Postgresql-8.4 is the packaged version for Ubuntu 10.04 (aka lucid) but earlier today I purged and reinstalled it and found a packaging bug -- sudo aptitude purge postgresql does not cleanly remove the conf files from the filesystem if they had been edited. All the older edits I had made to /etc/postgresql/8.4/main/pg_hba.conf and /etc/postgresql/8.4/main/pg_ident.conf files were intact after the reinstallation. So the new re-installation would throw weird errors.

Ideally aptitude/apt-get 'purge' is the cleanest way to uninstall software but if you have customized the configuration settings in a DB you would not like to lose those changes (especially because you may have installed the database a long time ago and may not remember each change for different apps that use the DB.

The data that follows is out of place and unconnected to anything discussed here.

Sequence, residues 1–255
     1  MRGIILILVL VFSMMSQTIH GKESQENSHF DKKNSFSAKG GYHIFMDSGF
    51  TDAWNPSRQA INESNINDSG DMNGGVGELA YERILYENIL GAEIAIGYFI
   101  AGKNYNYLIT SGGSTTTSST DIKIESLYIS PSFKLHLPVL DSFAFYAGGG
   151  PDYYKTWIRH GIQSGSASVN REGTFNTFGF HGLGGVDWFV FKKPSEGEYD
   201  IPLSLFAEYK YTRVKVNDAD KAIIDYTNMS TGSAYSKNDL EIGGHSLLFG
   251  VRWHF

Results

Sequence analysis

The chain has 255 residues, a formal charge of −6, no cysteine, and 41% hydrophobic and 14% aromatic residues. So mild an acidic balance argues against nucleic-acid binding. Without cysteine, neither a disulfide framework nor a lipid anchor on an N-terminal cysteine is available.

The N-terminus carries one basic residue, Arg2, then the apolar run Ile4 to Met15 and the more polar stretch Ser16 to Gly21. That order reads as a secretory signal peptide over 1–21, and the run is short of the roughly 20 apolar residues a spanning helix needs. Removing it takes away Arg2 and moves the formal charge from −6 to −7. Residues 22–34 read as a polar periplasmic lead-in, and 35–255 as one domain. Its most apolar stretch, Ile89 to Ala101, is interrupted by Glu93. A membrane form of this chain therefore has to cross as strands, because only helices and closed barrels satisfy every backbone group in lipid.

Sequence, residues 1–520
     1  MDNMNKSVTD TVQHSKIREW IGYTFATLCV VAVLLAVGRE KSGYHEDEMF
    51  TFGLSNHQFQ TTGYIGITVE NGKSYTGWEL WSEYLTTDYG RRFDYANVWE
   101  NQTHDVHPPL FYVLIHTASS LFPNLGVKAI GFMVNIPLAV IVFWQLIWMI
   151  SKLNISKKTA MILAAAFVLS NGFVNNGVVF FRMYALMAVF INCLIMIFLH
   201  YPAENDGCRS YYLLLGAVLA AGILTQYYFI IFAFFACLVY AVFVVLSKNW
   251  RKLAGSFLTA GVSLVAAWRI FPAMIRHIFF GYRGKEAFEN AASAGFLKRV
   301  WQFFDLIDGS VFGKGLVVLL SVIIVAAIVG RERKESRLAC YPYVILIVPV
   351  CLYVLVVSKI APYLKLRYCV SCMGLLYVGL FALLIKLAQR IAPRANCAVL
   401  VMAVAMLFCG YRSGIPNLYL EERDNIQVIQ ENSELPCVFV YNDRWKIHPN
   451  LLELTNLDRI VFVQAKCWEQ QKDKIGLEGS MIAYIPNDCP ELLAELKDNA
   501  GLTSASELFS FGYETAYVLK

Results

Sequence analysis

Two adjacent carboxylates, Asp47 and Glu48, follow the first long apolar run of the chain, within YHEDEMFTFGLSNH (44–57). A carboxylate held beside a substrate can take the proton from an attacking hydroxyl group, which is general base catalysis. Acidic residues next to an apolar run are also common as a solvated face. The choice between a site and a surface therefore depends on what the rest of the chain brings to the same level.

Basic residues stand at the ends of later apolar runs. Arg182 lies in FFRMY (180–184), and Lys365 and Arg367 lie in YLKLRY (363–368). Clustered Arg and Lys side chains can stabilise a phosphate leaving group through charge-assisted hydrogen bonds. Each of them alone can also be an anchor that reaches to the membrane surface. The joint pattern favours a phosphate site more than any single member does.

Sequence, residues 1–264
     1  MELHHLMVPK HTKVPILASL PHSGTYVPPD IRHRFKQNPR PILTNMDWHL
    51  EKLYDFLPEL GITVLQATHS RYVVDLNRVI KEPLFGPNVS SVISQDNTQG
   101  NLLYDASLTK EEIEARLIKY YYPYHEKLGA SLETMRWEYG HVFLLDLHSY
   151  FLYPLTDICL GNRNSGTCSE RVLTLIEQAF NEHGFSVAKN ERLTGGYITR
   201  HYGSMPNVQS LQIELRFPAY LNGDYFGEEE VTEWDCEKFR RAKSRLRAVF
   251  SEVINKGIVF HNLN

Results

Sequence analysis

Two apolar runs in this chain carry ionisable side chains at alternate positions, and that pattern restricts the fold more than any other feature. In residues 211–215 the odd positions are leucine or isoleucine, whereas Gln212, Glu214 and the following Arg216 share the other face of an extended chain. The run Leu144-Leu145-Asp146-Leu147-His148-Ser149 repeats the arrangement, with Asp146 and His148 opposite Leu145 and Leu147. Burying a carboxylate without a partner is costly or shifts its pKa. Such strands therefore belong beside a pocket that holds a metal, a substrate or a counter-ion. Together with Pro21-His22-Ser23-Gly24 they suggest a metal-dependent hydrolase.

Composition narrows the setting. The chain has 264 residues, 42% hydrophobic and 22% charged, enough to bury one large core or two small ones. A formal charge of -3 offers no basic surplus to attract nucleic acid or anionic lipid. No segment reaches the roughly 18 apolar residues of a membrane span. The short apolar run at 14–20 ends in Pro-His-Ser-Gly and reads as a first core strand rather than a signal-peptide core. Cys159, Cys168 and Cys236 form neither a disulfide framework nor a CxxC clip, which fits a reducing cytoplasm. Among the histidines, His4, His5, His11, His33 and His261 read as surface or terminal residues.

Sounds good but in theory a 'purge' littering your filesystem with edited files makes it hard for folks to hunt out which file was leftover and whether re-editing "foo.conf" would get "foo-application" running smoothly.  For smaller single packages its probably easy to script a list of files from the original package and check the filesystem against that list but what if you had an installation that had 80+ odd installation steps for multiple packages that depend on each other ...that is a lot of retracing -- the installation and purging of 80+ installation steps is scriptable but a clean reinstallation of your OS is far less time-consuming, not to mention the resource savings.